Gender Discrimination: the Main Reason That Women Are Paid Less Than Men

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GENDER DISCRIMINATION: THE MAIN REASON THAT WOMEN ARE PAID LESS THAN MEN

SURVEY OF HUMAN RESOURCE MANAGEMENT

Introduction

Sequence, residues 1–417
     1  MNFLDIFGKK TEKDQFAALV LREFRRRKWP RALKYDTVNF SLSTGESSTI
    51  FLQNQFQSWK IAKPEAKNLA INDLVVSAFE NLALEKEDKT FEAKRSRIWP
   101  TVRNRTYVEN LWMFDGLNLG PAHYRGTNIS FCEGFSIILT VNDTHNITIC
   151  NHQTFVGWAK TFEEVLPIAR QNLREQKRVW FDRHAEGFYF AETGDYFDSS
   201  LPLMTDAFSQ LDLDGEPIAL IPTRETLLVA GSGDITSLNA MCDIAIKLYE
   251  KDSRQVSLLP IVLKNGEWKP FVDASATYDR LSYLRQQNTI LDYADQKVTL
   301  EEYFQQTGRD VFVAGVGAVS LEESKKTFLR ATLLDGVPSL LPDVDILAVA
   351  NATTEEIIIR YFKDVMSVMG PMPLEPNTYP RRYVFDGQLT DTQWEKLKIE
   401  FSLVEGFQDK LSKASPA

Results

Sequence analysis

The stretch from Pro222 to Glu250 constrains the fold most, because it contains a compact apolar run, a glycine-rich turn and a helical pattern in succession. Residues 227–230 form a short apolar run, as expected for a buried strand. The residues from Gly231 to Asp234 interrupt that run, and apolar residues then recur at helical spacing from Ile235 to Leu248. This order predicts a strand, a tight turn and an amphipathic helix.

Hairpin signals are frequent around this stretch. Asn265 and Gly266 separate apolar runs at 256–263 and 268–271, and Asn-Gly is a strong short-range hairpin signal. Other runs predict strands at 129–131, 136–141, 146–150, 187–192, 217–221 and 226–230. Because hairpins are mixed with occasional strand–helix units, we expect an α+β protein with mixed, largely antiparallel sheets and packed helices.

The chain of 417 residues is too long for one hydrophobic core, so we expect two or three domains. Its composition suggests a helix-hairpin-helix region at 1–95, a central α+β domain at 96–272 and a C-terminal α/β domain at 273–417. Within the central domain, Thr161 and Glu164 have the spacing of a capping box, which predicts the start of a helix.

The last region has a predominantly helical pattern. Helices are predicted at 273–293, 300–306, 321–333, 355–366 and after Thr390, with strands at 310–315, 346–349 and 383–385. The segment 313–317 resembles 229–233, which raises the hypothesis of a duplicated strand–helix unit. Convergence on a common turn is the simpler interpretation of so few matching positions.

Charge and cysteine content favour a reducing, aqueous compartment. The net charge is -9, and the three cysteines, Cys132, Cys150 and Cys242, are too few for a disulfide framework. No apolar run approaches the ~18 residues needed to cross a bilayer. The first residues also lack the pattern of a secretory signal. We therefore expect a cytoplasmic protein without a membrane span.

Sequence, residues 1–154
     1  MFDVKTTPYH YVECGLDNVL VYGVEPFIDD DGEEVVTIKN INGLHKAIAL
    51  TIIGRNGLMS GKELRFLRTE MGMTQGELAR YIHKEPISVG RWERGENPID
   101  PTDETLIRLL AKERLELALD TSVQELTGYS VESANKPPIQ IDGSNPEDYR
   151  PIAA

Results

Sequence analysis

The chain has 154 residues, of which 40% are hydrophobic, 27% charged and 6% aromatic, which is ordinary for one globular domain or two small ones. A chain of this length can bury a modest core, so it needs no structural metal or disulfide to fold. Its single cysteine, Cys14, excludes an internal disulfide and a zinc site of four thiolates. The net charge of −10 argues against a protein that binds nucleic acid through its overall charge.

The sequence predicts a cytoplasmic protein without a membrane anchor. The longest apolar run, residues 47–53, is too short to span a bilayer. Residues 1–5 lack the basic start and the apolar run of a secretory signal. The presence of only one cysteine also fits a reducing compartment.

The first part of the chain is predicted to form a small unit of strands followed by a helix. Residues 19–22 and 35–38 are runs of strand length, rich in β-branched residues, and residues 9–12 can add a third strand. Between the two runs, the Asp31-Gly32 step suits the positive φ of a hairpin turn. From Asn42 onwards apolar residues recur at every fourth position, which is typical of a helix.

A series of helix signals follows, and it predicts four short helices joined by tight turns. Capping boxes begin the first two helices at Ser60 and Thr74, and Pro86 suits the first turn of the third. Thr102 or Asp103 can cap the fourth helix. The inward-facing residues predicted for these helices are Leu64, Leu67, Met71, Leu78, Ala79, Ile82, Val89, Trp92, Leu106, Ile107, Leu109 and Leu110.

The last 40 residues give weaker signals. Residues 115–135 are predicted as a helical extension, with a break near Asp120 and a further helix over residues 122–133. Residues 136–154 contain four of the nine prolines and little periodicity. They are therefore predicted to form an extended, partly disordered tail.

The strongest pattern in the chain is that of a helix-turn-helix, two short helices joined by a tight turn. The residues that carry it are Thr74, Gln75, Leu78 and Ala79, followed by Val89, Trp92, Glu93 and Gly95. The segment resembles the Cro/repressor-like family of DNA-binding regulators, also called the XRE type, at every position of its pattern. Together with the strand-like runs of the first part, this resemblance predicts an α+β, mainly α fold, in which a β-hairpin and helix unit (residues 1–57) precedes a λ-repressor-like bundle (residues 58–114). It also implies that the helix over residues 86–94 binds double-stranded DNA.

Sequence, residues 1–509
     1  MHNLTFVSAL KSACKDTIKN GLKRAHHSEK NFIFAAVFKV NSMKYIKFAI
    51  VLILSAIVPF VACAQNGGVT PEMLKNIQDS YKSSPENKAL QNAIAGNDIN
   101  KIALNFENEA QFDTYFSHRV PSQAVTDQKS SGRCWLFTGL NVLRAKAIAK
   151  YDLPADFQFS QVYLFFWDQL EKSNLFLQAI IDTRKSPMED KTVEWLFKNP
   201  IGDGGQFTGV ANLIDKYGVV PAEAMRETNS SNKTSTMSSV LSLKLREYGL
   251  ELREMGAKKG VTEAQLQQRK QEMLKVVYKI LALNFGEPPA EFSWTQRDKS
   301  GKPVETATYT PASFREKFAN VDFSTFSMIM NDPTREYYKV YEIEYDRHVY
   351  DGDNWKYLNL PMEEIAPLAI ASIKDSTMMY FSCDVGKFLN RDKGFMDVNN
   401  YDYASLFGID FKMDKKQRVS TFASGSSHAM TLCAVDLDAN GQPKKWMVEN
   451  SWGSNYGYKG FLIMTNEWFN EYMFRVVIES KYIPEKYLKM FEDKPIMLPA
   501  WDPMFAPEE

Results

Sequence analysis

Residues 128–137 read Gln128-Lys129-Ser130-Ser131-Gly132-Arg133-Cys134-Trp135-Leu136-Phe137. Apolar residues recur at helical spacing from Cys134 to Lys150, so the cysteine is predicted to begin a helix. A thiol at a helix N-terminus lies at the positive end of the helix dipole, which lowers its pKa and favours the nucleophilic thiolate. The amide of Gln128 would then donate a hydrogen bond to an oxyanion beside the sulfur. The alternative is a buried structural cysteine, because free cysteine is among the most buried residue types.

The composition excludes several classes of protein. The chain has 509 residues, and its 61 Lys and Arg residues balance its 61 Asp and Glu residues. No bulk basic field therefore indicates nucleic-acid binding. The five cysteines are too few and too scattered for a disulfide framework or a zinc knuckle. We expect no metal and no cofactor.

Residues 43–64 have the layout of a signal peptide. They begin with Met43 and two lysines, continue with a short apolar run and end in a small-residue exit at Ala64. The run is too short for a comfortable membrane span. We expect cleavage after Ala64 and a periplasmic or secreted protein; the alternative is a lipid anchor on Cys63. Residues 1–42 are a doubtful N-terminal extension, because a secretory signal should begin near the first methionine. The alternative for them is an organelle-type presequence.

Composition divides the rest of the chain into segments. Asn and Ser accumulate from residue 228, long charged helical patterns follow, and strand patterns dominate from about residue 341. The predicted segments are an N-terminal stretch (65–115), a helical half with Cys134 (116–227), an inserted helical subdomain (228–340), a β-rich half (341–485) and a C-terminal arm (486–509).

More than 2,000 years ago the Greek philosopher Plato wrote… “Nothing can be more absurd than the practice that prevails in our country of men and women not following the same pursuits with all their strengths and with one mind, for thus, the state instead of being whole is reduced to half.”(Plato, The Laws) There is a nationwide debate as to whether or not women are paid less than men as a result of gender discrimination in the workforce. It is our position that gender discrimination is in fact the main reason women are paid less than men, and we will defend our position with appropriate statistics and facts. This is no doubt a sensitive issue and there are a lot of different views and opinions throughout the world. It is certain that this topic is influenced by a wide range of factors and is also affected by geographical effects. Furthermore, if we want to hold the view that gender discrimination is largely responsible for differences in wage between men and woman, we have to concentrate on a specific market. In this case, on the United States, we should look on the hypothesis from different perspectives. To effectively defend our position, it is beneficial to break down our position into two parts. First, we have to prove that a gender pay gap in the United States actually exists. If we want to prove a crowding hypothesis we not only have to support this theory by referring to appropriate statistics, studies, and research, but also the existence of this hypothesis itself. Human resource managers are largely responsible for compensating employees, which would ultimately affect the pay gap between men and women. Human resource managers were asked if they think there actually is a gender pay gap among America’s companies, and if it existed inside there own organization. According to a recent study published by the Institute of Management & Administration in New York, they do in fact believe in this gap. Overall 89.4 percent of the interviewed managers think that there is a wage differential between the genders at other companies. What is surprising about this data is that only 17.7 percent of them added their own company to this group (“How Widespread Is the Gender Pay Gap”, 2006, p. 1). It seems that there is a real glass ceiling effect in America’s industry. Everyone talks about it but very few admit to having such a barrier in their own organization. However, as expected, there are further differences among the various industries and in regional trends. For instance, the study found that 100 percent of the respondents in the educational sector believe there is a wage differential while almost 18 percent in the non-profit industry are not committed to this thesis. The regional differences are smaller (p. 2) but for sure they would gain in importance if we looked outside of America. So our position is that we can state that there generally exists the perception of a gender-based pay gap, however, it observably differs from region to region and industry to industry. As mentioned earlier, there is a second part to our position which has to be considered, whether or not the pay gap is a result of gender discrimination. In our position it is quite clear that gender discrimination is the main factor influencing the pay gap and it emanates from the mentioned studies. To represent valid facts, the research had to provide a consistent basis, which sorted the wage and salary data out of all objective influences. That means from an objective view, the compared earnings are based on persons with the same characteristics, skills, and living conditions. Thus there are only subjective reasons left, which may cause this gender-based pay gap among men and women in the economic environment, and that means gender discrimination. On this account, in the discussion below, we will try to analyze...
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